“Everyone knows where Kettering is... It’s famous as the home of Weetabix breakfast cereal.”
Illustration by Sirin Kale
Kettering, a mid-sized town in the middle of England, might best be described as middling in every way. Known for its high-speed rail links and the unfortunately-named annual festival KettFest, Kettering is so mediocre that even its own MP once described it in Parliament as "the most average town in the country."
But for one brief halcyon period in December 2016, Kettering was the subject of media attention around the globe. The reason? After Lindsay Lohan flaked on her promise to turn on their Christmas lights, Kettering waged war on the party girl with the intensity of a Mafioso pursuing a vendetta and the fastidiousness of Mary Berry judging a village bake sale. The best thing about this unseemly spat between a minor British market town and one of the most iconic child stars of the 2000s? Kettering won.
In a period in which Anglo-British relations are under renewed strain, Kettering’s triumph over Lohan’s Hollywood PR machine is an unlikely story of British pluck and stoicism. It’s a story that exemplifies the very best of Britain, like the spirit of Dunkirk or the Rudyard Kipling poem "If"—if Dunkirk wasn’t actually a colossal military failure and Kipling a colonial apologist.
Exactly a year on from the cultural event that I’m terming Lohan v. Kettering, as a shadow falls over the once-close relationship between the US and the UK, it feels more appropriate than ever to revisit this festive decoration-related nadir in transatlantic relations.
First, a primer on the peculiarly British tradition of turning on Christmas lights: Typically, a minor celebrity—perhaps a reality TV star, the less-attractive member of a now-defunct pop band, or a celebrity chef—is paid a small sum to light up the Christmas decorations in a provincial town’s main shopping district. Someone from the local newspaper attends, a local choir sings, and then everyone goes home. For decades, Christmas lights switch-ons went without incident—until Lindsay Lohan reneged on her pledge to turn on Kettering’s Christmas lights, and shit got fucked up.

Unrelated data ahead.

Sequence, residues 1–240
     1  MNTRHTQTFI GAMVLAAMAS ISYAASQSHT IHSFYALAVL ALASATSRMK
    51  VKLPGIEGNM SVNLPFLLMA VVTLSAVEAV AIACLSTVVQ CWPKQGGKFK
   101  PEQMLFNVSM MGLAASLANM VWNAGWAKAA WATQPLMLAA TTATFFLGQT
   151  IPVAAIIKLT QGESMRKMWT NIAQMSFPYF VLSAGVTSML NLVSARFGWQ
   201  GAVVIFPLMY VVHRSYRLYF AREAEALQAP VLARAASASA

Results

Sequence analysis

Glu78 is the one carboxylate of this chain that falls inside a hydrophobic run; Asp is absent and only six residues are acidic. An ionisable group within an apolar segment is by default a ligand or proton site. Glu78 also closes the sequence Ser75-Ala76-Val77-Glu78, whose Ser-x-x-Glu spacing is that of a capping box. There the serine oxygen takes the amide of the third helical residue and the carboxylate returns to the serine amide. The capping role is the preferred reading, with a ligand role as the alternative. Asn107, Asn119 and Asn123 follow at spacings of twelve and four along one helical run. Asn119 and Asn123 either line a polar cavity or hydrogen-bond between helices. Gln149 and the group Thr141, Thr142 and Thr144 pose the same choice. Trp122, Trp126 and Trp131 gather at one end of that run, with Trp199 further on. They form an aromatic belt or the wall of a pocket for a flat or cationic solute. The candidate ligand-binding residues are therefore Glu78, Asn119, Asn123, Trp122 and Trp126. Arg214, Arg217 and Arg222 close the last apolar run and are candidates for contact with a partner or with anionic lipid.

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The story of Lohan’s unlikely involvement with the English town begins in June 2016. As the results of the Brexit referendum trickled in, Lohan disagreed with Kettering’s vote to leave the European Union. “#REMAIN Sorry, but #KETTERING where are you," she tweeted during the count. Kettering MP Philip Hollobone, who campaigned for Britain to leave the EU, reacted angrily to Lohan’s tweet, describing it as “fierce and offensive.”
To cement Kettering’s reputation as a destination worthy of A-list Hollywood actresses and Lohan alike, Hollobone invited her to switch on Kettering’s 2016 Christmas lights. “Direct message me about your offer,” Lohan replied on Twitter. “Would be happy to light the Christmas tree in #Kettering.”